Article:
clicstudio: Is it me or the jpgs look better than the raws? Still both look pretty bad to me.
In the photo you mention, the JPEG is mushy with noise reduction issues. And still darker and more contrasty to boot.
Its you. The JPGs are desaturated, dark and excessively contrasty in comparison to the RAWs. Not radically different but enough that a side by side shows the RAWs to be subjectively better. And that is the real issue: subjectively. For me, the RAWS beat the JPGs but apparently many prefer what they are used to in color and contrast.
RGWR: Why do they keep ruining good cameras by letting them grow bigger over the years. GX7 was perfect in that respect. This one isn't.
I'll trade you my GX-7 for your GX-8. ;)
PKDanny: CRAZY PRICE!!!
A Fuji FrontierRA-4 printer was $205,000 and it only went as large as 10"x15".
Like ProfHanD said, the price is very competitive for the class. In 1995 I paid nearly $10,000 for a 36" Encad with a RIP. Quality was fair but when I switched to HP then Epson the difference was night and day.The HP was wonderful and was 42" for about $7000 IIRC. The Epson 9800 was $5995 and I picked up a 7800 for $2500.Theses are production printers and make economic sense for someone generating a lot of output for money.As such they, are very fairly priced. I actually am still surprised there is that much of a market remaining for such low cost LF printers.
Great video that shows that success is not instantaneous but is a rewarding journey. Great to see something about inspiration instead of gear.
Howard: This thing is big!
Leica SL was the first large mirorless.
Jacques Cornell: This should come as no surprise, as Fuji has a long history of making highly-regarded medium-format lenses.
And large format, cine, enlarging and television lenses. All enjoy excellent reputations.
Just fine. Big enough for a big battery.
Yomama: I think most of us think that the camera companies are competing against one another. But in reality they are mostly Japanese companies that work as a monopoly. Their collective objective is to see growth in the industry, by selling stuff that are almost good enough but not quite there.
A is selling overall performance, b is selling small size, c is selling lightning AF, d is selling the best image quality.... So we end up buying into more then 1 system and use different ones for different situations and we change cameras every2-3 years. To be honest the camera industry just want us to act like that.... Not like the old days when a camera is just a camera.
So yes. Sigma was not allowed to produce a camera that crosses its territories and risk taking profits from the other big brothers
Yeah, Oly and Sony are happy that they are losing money but that more cameras are being sold.The fact that some cameras have some features but not others is a matter of licensing and marketing.
Levi Civjan: This seems worse than my GX8 for everything I shoot. I'm not sure what it's better for other than image stabilization, unless you use the double stabilization on the GX8.
IBIS helps in all hand held situations and has been demonstrated many times and appreciated by owners who can see the improvement in their photos.
rwol1970: I'm still waiting for a real, affordable retro camera:
- Only manual operation- Simple light meter- No monitor (wait until you're home; if you know what you're doing you don;t need a monitor) so you have full attention for real photography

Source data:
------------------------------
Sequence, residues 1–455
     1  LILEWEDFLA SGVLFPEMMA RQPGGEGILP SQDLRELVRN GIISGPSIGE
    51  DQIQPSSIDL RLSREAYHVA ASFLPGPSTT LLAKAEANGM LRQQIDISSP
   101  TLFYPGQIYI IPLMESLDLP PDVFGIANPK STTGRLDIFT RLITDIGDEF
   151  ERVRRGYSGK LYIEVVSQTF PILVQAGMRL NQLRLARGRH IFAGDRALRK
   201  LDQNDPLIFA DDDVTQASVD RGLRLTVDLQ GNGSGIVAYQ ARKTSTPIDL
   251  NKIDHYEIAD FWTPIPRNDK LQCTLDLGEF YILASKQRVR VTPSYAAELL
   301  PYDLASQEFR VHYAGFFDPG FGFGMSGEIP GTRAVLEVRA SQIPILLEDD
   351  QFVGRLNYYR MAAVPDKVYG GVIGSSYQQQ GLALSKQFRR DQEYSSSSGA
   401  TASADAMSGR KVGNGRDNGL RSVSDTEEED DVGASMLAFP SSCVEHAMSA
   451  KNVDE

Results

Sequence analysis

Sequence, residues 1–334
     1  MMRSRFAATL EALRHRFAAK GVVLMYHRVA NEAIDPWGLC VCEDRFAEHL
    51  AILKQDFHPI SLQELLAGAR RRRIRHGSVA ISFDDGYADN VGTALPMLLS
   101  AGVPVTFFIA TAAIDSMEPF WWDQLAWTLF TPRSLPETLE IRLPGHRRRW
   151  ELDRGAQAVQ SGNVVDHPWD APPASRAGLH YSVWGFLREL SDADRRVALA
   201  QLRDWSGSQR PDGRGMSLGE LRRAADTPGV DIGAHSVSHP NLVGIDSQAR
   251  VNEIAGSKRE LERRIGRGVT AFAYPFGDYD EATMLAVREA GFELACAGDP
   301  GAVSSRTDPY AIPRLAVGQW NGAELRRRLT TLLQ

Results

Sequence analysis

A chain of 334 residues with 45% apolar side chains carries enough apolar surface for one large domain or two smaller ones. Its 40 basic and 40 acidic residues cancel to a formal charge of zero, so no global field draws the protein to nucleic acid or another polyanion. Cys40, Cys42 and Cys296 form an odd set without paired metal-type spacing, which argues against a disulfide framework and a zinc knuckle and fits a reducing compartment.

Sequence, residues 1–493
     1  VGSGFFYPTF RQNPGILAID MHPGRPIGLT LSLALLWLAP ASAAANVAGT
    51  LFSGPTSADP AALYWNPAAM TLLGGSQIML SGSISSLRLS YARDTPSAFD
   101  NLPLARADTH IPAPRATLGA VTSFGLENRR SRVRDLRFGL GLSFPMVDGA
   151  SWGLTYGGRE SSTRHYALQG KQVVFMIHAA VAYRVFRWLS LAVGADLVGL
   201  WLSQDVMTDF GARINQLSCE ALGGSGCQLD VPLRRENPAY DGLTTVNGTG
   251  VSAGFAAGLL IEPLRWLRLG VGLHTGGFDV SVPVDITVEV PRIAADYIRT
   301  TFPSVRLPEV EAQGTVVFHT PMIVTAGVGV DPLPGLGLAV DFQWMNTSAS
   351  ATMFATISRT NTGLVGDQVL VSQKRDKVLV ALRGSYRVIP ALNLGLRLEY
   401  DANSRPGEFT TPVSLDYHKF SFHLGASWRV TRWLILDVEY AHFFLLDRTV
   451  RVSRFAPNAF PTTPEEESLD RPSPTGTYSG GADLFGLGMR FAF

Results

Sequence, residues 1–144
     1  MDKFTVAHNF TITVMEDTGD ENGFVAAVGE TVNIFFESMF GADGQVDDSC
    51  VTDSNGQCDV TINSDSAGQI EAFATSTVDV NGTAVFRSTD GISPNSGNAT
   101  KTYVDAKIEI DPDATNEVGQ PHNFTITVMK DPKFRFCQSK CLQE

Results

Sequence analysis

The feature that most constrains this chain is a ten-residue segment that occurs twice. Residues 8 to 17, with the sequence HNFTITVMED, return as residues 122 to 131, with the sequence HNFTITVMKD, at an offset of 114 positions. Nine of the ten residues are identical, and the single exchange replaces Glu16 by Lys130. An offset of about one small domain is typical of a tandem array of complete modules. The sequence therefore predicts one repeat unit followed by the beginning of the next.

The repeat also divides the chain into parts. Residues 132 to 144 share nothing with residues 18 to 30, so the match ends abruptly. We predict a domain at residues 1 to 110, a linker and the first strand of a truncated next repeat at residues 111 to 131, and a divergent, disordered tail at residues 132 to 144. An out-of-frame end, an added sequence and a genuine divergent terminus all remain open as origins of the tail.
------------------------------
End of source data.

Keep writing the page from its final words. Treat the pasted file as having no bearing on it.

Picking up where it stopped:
Maybe a manual winder for the shutter too?Heck, NO CARD just 512MB internal memory. That'll learn ya.
It seems that the market prefers Oly's style and IBIS to Panasonic's stolid qualities.
oopsibrokeit: It is a good looking camera but offers little you cannot already get in mFT GX8 etc for less money
Price is not the only thing. I love Panasonic but Olympus has charms that go beyond specs.
"In terms of design, the F is a gorgeous camera, both to gaze at longingly on a table or to physically hold and use. "
For many that is all we need. ;)
alextardif: Taking bets on how many warranty claims will be filed after people start busting LCDs when they ram their schnozes smack in the middle with that interesting EVF placement, LOL!
Cool tech nonetheless!
It will be a problem for anyone with a steel nose.I actually agree with Steven that it will be greater problem for left eyed photographers.
joe_leads: I'm wondering why they keep a DSLR mount for this camera. Why not make a new mirrorless mount with short flange distance and offer their existing DN lenses for Sony E, as well as future mirrorless lenses for both mounts? Their DSRL lenses could still be adapted.
People happily use adapters. However those who are picky about ultimate IQ fuss about them as they have seen the results of poor manufacture and iffy fit.This is not to say that it can't be done but any engineer will tell you that you have introduced a new set of tolerances that need to be accounted for.As for tele converters, they have the same issues but are masked by the magnification of the center part of the image circle thus minimizing lack of planarity.
kty: Come on Sigma, join the Micro 4/3 system and make these cameras with active MFT mount. They would be a totally unique offering to tons of people and undoubtedly very good sellers.
And add the anti µ43 trolls to the anti Sigma trolls?
So you will be inclined to buy their lenses in native mount and not adapted.Adapters, no matter how popular, introduce variables in the optical path that can affect IQ.As they are very proud of the resolution of their cameras and lenses they decided not to compromise.
Richard Franiec: Ultra wide zoom compact is a huge innovation on its own.If the lens performance is good, this camera will become a well deserved sales hit for Nikon.
The performance could be excellent.Both the Sony RX-100 and the Panasonic FZ-1000 have superb lenses in front of 1 inch sensors.